How Secrets Can Lead to Lost Money, Respect and Customers

Situations in which secrets harm others happen more than we realize. And when do we finally hear about them? When it’s too late.  Of course, some secrets are meant to be kept, well, secret. So how do we know when to keep a secret and when to let it out of the bag? First, you need to consider the impact of the secret on your customers. Is this secret going to hinder, harm, or aggravate your customers? Second, if so, let them know immediately; otherwise, you will lose more than money. You will lose trust, respect, and future customers.

Case in point: Don’t do what United Airlines did to Dave Carroll after airline employees broke his guitar. Actually, the airline did dave-carrollnothing. It classified his incident as “statistically insignificant.” Well, that “statistically insignificant” customer went on to make four YouTube videos about his incident, and the videos acquired more than 15 million views. Dave Carroll even wrote a book about his misadventure with United Airlines AND is now a much sought after motivational speaker. How’s that for an insignificant customer? Not so insignificant now, huh? Is that really how we want to treat our customers? I think not. And I hope you agree.

Here’s an extended example of a story that illustrates this point.

Real World Story: One of my coaching clients recently relayed the following true story. (The incident is ongoing, so I have omitted all names.)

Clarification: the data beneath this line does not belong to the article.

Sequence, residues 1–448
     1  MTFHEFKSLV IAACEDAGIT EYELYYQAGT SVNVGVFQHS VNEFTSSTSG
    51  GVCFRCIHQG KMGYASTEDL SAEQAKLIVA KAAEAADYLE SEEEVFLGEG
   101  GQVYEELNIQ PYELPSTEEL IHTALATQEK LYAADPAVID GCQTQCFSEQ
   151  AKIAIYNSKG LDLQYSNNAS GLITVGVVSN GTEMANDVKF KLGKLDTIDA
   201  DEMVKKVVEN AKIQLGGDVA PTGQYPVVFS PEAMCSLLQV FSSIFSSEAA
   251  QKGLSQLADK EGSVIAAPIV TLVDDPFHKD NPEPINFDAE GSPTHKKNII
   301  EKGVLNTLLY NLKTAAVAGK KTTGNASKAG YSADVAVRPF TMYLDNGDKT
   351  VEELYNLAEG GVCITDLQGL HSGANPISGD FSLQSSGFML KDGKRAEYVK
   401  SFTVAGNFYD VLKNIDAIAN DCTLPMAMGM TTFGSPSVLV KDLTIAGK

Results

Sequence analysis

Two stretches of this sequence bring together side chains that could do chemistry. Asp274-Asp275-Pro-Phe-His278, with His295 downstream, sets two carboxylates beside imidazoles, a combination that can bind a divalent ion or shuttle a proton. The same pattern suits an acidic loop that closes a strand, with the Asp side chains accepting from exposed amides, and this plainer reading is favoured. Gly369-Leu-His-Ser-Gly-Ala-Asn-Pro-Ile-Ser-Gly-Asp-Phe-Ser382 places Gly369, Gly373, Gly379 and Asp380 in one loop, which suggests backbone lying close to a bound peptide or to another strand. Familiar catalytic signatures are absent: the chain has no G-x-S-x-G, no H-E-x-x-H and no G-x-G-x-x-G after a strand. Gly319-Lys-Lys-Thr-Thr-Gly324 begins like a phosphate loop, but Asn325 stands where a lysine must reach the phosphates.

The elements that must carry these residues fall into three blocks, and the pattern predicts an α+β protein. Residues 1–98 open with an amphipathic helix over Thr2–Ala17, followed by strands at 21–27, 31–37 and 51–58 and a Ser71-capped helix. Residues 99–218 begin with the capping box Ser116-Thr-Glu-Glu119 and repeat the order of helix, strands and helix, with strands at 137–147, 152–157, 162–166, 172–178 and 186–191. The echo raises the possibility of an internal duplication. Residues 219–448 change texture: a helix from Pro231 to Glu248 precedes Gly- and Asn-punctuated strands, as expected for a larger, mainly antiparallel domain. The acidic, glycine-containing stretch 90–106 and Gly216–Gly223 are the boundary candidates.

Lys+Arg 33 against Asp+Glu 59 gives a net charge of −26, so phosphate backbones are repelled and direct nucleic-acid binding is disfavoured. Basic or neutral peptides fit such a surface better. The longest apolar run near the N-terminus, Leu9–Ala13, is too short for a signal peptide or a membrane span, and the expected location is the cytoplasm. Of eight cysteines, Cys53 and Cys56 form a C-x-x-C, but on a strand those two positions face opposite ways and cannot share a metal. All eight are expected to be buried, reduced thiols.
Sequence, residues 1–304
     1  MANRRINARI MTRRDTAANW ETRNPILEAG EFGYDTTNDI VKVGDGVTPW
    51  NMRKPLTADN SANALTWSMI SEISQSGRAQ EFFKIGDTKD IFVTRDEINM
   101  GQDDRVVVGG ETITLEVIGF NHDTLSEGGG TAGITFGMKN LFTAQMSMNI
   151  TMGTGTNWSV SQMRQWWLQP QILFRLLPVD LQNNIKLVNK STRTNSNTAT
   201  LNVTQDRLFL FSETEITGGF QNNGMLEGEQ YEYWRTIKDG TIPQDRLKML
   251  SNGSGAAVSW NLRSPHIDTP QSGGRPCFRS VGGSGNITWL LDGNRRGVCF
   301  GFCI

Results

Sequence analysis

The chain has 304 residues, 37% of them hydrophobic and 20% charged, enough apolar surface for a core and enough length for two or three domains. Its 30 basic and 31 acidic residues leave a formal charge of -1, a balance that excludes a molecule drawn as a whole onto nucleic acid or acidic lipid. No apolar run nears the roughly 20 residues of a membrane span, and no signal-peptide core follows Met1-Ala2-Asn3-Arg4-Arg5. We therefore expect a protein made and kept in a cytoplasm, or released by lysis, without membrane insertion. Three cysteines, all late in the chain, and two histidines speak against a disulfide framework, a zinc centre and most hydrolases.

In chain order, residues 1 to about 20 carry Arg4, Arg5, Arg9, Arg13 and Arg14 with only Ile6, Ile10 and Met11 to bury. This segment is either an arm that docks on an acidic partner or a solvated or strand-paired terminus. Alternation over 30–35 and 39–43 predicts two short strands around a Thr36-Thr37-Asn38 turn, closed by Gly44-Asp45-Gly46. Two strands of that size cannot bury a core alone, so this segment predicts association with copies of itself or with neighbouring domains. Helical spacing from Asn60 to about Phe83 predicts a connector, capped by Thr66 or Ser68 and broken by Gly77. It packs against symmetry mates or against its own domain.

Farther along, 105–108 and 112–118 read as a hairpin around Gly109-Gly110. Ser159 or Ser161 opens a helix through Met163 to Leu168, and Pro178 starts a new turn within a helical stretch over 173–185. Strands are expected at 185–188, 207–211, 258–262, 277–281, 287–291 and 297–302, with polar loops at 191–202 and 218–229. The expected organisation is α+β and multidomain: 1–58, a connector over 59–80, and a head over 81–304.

This story takes place in an industrial building in a secluded part of town, in southern California. This building houses four different man-with-finger-to-lipsbusinesses and is owned by one person, hereafter referred to as “the landlord.” One of the tenants (customer A) owns and stores a large amount of video equipment in his business office.
Several weeks ago, customer A was robbed. The day after, he replaced all the equipment, and was again robbed. Several days later, my client’s company (customer B) – in the same building – was robbed. In my client’s unit, the thieves did not break in through the main entrance. They broke into one of the ground-level offices through a small window, which was the only window without an attached alarm. Three valuable art pieces were taken, but not the computer system. The thieves did not go into any other part of that unit. If they had, the alarm would have been activated. The thieves or thief was obviously someone who was familiar with the building and the alarm system.

After talking with the other tenants in the building (customers C and D), my client discovered that these break-ins had been occurring for weeks, but the landlord never informed any of his tenants (customers).

The tenants were extremely frustrated by the lack of communication because, had they known, they would have taken the necessary precautions to safeguard their valuables. Had the landlord communicated what was happening, everyone would have saved precious time, money, and equipment. And now, the landlord faces losing customer B, who is considering moving!

Strategy to Turn This Around
1. As soon as your company knows about a secret that may impact customers or cause a crisis, inform all relevant parties.
2. Continually give updates to your customers (at least every 24 to 48 hours, depending on the severity of a given situation) until the issue is resolved.

Remember: You have no “statistically insignificant” customers. But you may have insignificant business practices when you fail to act timely and in good faith.

If you’ve experienced trauma as a result of a company that kept a secret, let me know in the comments below.

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